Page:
But what of these costs? As a chargee, my first (over?) reaction is to tell them to stop spending so much. Surely this is not just about advertising, it's overheads and it's spending. The company has expanded at an incredible rate, 1200+ employees, a very nice HQ, innovative technological investments... and also numerous additional mini-sites that few surely find useful. They have their fingers in many pies. "Pies" which are increasingly focused on extracting money directly from customers, rather than through commission on their exchange, sounds a bit like a bookies doesn't it? See the newly unveiled Betfair Arcade for example - this is a shameful expansion into online FOBTs (Fixed Odds Betting Terminals), designed to take money from the less clued up gambler and those with problems, completely and utterly against the ideals of a betting exchange.
This sort of activity I guess is predictable. As a company grows, the original ethos is lost as costs grow and profits become the sole focus, as do employee bonuses.. There is an undoubtedly faceless feel to Betfair these days, buried deep in their midst (bloated underbelly?) are boards, think tanks and departments focused on how to get more money from the people using their site. As a business, you can't argue with their aim to make money, as long as it is done fairly.
"Fair" is something this new charge is NOT. It affects everyone, including those that have been told they would not have been charged in the last 60 weeks. I think it may be helpful here to define 3 key types of Betfair player,
- The botter, these people program software to bet on their behalf automatically, through the day, on various markets. Because of the automated nature of their betting, they can do so with sufficient speed and efficiency to vastly reduce the chances of not winning. Dependent on strategy, some bots will win on virtually every market they play.
- The trader, we'll classify these as humans who like to buy and sell (back and lay) more than once (usually in-running), similar to how you might on a stock exchange. As a result they often end markets with p/l's showing a win on both players or often a loss on both players. There are more varieties of styles within this classification than the others, some traders will take more risk than others - holding positions for longer, basing their actions on the event they are trading. Other traders will scalp, take much smaller risks, get in and out very fast and base decisions upon the market alone - arguably they are more consistent winners.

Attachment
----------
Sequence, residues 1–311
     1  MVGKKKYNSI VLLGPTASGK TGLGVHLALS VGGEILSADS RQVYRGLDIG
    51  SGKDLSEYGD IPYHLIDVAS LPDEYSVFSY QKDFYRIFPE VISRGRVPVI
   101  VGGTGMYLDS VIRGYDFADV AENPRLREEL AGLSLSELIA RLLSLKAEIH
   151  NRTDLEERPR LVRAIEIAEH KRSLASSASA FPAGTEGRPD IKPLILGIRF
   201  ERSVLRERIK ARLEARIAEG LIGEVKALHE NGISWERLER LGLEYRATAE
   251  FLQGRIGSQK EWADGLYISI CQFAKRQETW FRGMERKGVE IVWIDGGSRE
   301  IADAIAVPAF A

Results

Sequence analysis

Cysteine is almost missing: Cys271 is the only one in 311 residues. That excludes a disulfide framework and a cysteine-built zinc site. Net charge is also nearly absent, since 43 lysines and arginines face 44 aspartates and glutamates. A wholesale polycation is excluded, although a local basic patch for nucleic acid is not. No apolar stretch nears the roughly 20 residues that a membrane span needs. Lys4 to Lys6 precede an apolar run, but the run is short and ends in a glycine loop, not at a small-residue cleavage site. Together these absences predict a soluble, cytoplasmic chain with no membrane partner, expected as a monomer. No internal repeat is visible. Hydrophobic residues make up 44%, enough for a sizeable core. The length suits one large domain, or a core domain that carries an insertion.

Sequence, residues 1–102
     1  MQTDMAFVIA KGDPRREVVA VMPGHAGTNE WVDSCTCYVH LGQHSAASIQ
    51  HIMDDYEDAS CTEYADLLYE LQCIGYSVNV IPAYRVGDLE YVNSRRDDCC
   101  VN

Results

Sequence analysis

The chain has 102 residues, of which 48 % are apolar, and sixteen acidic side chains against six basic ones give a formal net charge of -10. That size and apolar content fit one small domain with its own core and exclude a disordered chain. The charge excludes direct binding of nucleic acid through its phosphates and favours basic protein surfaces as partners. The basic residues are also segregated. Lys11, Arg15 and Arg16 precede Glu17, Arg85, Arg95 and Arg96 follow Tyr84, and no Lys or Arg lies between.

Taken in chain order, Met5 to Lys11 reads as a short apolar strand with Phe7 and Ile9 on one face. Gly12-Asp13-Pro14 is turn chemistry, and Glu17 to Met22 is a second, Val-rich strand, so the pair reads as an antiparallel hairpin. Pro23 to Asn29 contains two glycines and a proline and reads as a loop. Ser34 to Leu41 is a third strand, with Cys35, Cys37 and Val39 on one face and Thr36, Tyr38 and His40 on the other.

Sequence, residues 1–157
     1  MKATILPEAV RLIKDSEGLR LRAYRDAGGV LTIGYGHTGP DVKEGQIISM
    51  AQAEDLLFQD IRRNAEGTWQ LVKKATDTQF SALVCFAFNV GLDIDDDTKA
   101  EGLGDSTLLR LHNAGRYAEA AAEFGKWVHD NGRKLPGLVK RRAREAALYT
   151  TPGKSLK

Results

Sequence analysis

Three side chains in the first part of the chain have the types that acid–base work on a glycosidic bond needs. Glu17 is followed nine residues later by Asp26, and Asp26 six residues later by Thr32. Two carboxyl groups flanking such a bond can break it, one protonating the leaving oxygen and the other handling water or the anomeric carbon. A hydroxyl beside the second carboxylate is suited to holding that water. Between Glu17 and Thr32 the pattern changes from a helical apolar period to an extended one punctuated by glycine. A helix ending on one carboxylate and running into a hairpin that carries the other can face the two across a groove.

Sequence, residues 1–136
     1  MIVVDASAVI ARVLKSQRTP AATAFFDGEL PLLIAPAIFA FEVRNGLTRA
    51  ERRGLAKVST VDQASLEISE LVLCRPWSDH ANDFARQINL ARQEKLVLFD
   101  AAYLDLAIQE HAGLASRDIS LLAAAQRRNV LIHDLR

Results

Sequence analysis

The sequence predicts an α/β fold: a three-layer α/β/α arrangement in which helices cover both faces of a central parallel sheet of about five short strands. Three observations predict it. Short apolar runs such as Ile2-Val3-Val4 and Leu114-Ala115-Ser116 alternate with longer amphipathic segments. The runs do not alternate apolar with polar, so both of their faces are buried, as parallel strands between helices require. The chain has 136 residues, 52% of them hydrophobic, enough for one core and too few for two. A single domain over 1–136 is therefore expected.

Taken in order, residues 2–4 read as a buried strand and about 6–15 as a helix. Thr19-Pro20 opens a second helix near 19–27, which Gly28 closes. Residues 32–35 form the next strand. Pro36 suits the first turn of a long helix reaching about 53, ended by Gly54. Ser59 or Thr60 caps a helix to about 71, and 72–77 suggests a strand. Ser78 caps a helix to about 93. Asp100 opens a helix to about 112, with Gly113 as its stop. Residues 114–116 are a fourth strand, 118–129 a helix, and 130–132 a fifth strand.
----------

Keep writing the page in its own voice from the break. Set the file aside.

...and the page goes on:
- The punter, he's an old fashioned gambler who bases his decisions on value or opinion before the event begins and runs it to conclusion.
All of these players are hit by the new charge. But how can this be right? Clearly some people can afford this new charge more than others. "Afford" in this case is related to risk, value and the regularity of that user's profits.
Users who rarely lose, with winning books on any outcome can afford to pay more than others. (I'm not in favour of this charge, but I'm being realisitc.) Particularly botters, who use automated software and spend little time themselves actually placing the bets. If you switch on a program and sit back while the funds come in, then personally I think 20% is probably cheap, considering previously you were paying 2% and no tax. There is very little risk in what these users do, and "risk" I believe is the valuable commodity Betfair want to encourage with this charge. See the Betfair forum for evidence of one or two botters not bothered by the increased payment.
The next group with lowered risk are the traders. A highly contentious group, with a myriad of styles and levels of risk. Much of the debate when this charge was announced was centered around this group of users and what their worth to the site is. In fact this has always been passionately argued over, even before this charge, I could perhaps write a book on the subject.
It's the variety of trading techniques which make this group difficult to charge accurately or gauge worth to the site. Few people trade the same, and few trade consistently. Some take risks and build large positions, others are buying and selling very quickly. It seems unfeasible to charge everyone the same, when some win very often, and others provide as much risk as any gambler does. The most important distinction here is that these are human, manual traders, placing bets. Humans make mistakes, errors of judgement or plain accidents, no one can win 100% of the time and this must be taken into consideration. It is impossible to see how this group could be charged as much as an automated program.